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For urban local public transport in particular, the electric bus is the mode of transport of the future. With respect to the total cost of operation over its entire service life, it is far more economical to run than CNG-powered buses, hybrids or purely diesel-engined buses. The electric drivetrain is a compelling solution first and foremost due to its excellent energy balance: a recent comparison from the USA has revealed that the electric buses selected consume about $9,000 worth of energy in a year, whereas a comparable diesel bus burns fuel worth some $50,000. The acquisition costs of an electric bus, which are still higher at present, pay off by the fourth year of operation at the latest. In China this insight is no longer being called into question, but instead is being put into practice on a large scale – for example in rapidly growing cities such as Shenzhen.
To boost the profitability of a bus fleet, however, it is not just a matter of the drivetrain: you also need the right charging technology. Due to regular interim charging, fleet operators can buy cheaper buses with smaller batteries in which the cell chemistry is kept healthy by more-frequent, but shorter charging cycles, meaning that the cells have a longer service life. With the operational concept termed opportunistic charging, much less weight needs to be carried around and no special journeys to battery exchange stations are needed. This has a positive effect on the overall cost and on system efficiency. And that’s without even factoring in the tax benefits, or the fact that there are no emissions levies to pay and that the maintenance costs are lower.
Conductix-Wampfler has been demonstrating for many years how well inductive charging of batteries can work in the context of local public transport: there are about 30 electric buses in Genoa and Turin that have been using the company’s IPT® technology since 2002. Ten years on, the Italian public transport companies AMT and GTT deem the application of this technology under everyday conditions to have been a success. The buses in Turin reliably travel 200 kilometres a day without needing to stop anywhere for a prolonged period or having to return to the depot for charging.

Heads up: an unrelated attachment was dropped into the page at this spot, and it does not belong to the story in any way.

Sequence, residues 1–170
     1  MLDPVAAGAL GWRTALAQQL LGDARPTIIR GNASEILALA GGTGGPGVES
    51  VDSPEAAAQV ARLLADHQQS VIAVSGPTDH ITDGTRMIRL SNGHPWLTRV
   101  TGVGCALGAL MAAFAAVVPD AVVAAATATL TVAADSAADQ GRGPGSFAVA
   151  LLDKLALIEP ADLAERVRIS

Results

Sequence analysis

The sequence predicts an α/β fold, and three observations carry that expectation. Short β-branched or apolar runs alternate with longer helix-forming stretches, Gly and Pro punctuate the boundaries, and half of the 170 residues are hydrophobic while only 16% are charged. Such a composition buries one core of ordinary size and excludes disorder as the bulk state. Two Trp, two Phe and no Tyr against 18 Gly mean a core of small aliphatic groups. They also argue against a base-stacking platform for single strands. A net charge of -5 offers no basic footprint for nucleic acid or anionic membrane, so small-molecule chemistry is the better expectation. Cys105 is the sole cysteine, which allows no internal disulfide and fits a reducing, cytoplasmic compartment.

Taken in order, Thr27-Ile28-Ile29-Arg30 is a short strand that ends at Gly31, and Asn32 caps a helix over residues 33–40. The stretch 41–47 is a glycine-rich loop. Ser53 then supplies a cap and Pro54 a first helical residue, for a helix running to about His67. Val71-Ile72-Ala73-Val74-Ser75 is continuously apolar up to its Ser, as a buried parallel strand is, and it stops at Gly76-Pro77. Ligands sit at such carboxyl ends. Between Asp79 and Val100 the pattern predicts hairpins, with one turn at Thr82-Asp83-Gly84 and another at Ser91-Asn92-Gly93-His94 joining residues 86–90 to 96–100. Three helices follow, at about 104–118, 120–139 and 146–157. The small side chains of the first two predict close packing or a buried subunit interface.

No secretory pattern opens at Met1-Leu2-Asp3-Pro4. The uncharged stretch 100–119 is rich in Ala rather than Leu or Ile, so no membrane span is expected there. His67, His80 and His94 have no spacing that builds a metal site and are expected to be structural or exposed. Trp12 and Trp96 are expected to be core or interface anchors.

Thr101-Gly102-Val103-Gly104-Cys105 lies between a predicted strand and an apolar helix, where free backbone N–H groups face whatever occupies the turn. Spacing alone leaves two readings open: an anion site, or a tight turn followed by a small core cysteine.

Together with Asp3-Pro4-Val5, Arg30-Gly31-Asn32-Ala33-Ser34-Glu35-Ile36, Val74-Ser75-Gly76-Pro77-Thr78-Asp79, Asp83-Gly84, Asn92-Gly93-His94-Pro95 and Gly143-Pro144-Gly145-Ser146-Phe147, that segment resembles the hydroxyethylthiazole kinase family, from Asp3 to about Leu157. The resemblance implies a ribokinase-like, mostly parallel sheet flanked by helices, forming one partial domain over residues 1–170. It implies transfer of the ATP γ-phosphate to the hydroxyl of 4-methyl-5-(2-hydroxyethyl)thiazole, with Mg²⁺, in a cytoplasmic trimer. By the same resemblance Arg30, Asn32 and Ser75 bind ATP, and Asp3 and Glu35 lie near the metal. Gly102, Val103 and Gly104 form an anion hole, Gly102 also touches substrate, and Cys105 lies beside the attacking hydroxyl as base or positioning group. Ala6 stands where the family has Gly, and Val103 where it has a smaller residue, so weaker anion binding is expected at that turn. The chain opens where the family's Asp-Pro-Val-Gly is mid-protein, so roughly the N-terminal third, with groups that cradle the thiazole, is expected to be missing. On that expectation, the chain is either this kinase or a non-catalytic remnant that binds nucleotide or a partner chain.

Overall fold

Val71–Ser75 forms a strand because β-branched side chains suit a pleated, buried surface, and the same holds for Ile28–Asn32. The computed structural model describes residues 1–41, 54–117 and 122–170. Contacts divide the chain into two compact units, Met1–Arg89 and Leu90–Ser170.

However, the bus routes with the IPT® charging systems haven’t only proven themselves from the economical point of view, but also because they are so quiet and produce zero emissions. As the chargers can be integrated invisibly, they neither compromise the cityscape nor detract from the tourist attractions. There’s nothing for people to get hurt by tripping over, and there are no secondary costs due to vandalism or rodent damage.
Technology and vehicles
The idea is as simple as it is clever: Inductive Power Transfer – or IPT® – is an energy transfer system for electric vehicles that works by magnetic resonance coupling. The system consists of two main components: a primary coil, which is connected to the electricity grid via an infeed converter, and a pickup coil integrated in the floor of the bus. This technology permits an efficient, automatic, contactless transfer of energy.
IPT® is convinced that short but regular charging is the way to go. The battery is fully charged overnight and then topped up as necessary and as possible over the course of the day at suitably equipped stops, generally by about 10–15%, depending on how long it stays at the stops.